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April 28, 2009

Justices to Hear Arguments on Bank Regulation

New York Times, 4/28/2009
Reported By: John Schwartz
WASHINGTON — The Supreme Court will hear arguments on Tuesday in a case that could change the way big banks are regulated.
In the case, Cuomo v. The Clearing House Association, federal and state regulators have squared off over which part of the government should serve as the nation’s watchdog for national banks. The case began four years ago, when Eliot Spitzer, New York’s attorney general at the time, questioned why some national banks seemed to be making a disproportionate number of high-interest home mortgage loans to black and Hispanic borrowers.
Former NY Governor's Mistress

Mr. Spitzer was attempting to enforce New York’s anti-discrimination laws, but he ran up against federal precedent that tended to leave regulation of national banks to the Treasury Department, and, specifically, the Office of the Comptroller of the Currency. A consortium of banks sued Mr. Spitzer, and so did the Office of the Comptroller of the Currency.

The banks and federal regulators argued that letting state officials regulate the banks would force the financial institutions to deal with a national patchwork of conflicting regulations. A federal district judge in 2005 and the United States Court of Appeals for the Second Circuit in 2007 ruled against New York and for federal regulation.

The fight involves fundamental issues of federalism and consumer protection, and the court’s decision could open new powers of regulation to the states.

Much has changed since Mr. Spitzer began his inquiry. For one thing, he is no longer attorney general; Andrew M. Cuomo has succeeded him. And, at the same time, the nation has been shaken by financial scandal and failure in ways that have led many to question the sagacity and effectiveness of the regulatory structure. A brief filed by the 49 other state attorneys general argues, “The recent (and continuing) fallout from the subprime lending debacle demonstrates the need for more oversight and consumer protection enforcement in the area of mortgage lending.“

The Office of the Comptroller of the Currency, the brief states, “has no experience in enforcing state public protection laws, has a minimal track record in consumer protection, and has no accountability to the citizens of any State,” and its attempt to have exclusive regulatory authority over national banks was part of “a pre-emption agenda” in recent years to take “a wrecking ball” to pro-consumer regulatory efforts.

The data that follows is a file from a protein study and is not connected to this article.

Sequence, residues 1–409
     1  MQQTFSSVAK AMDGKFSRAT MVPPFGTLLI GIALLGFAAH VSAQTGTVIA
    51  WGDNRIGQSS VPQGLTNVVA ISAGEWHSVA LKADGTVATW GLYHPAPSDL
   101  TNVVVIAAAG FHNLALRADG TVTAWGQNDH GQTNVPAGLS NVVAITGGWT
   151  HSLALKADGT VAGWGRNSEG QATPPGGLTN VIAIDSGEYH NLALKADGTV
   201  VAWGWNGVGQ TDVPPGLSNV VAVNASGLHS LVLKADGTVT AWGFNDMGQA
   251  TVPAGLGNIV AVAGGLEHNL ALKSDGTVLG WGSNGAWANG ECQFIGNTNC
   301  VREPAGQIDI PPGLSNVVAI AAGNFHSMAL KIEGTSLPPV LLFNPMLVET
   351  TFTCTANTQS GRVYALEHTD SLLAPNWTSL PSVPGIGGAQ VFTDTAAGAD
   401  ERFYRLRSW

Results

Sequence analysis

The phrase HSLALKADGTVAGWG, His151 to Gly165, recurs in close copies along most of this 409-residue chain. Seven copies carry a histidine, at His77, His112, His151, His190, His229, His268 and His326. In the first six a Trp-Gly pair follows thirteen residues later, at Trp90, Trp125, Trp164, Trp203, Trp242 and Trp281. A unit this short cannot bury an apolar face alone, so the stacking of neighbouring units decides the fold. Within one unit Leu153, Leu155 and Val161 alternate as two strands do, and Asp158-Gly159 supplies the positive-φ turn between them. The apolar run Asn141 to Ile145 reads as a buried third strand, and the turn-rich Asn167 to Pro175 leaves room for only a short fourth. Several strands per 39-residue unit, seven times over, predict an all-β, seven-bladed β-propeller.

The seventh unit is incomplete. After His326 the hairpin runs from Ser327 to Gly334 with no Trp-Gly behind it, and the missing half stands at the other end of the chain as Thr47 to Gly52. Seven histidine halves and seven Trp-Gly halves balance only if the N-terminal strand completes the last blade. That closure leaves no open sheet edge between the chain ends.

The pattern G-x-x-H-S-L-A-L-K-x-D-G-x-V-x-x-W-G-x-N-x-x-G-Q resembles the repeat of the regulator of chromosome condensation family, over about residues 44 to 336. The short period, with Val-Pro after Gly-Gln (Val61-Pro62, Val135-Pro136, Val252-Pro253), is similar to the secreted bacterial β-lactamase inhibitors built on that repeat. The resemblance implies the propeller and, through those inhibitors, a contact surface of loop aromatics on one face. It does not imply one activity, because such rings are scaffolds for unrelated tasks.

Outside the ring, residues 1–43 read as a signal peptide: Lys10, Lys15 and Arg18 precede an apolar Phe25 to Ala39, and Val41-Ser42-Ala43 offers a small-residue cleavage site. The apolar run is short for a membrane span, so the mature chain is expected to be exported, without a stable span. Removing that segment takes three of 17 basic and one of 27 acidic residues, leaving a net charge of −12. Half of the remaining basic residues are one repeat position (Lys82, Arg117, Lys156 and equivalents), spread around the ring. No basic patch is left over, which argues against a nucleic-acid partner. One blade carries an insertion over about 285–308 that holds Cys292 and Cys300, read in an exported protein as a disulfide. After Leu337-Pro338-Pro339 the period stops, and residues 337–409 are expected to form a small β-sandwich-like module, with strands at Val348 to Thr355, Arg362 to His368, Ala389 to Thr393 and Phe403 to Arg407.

James E. Tierney, director of the national state attorney general program at Columbia University law school, said the federal regulators’ job is to promote “bank fiscal soundness and not protection of consumers,” and that battling fraud in mortgage lending is something that the state attorneys general have long excelled at. “They got it first,” Mr. Tierney said, “and they got it right.”

A brief filed by all previous Comptrollers of the Currency since 1973, however, takes a different view. The comptroller’s office, according to the brief, works quietly with banks to address consumer issues in a “prophylactic” way, and “uses the wide range of its supervisory powers in an effort to alert national banks of potential non-compliance that poses risks to consumers and to ensure that they are addressed as early as possible.”

The threat of action by the federal regulators, the comptrollers stated, is “a significant incentive for national banks to address any compliance issues before they become serious problems.” And when such gentle measures fail, the comptrollers wrote, the agency “does not hesitate to take aggressive enforcement action against national banks.” The role of the states, they argued, is to pass along information about “possible problems,” leaving enforcement to the federal regulators.

The justices will also hear a case on Tuesday, Forest Grove School District v. T.A., that deals with the question of whether parents can receive reimbursement for private school tuition if their children have never received special education services.

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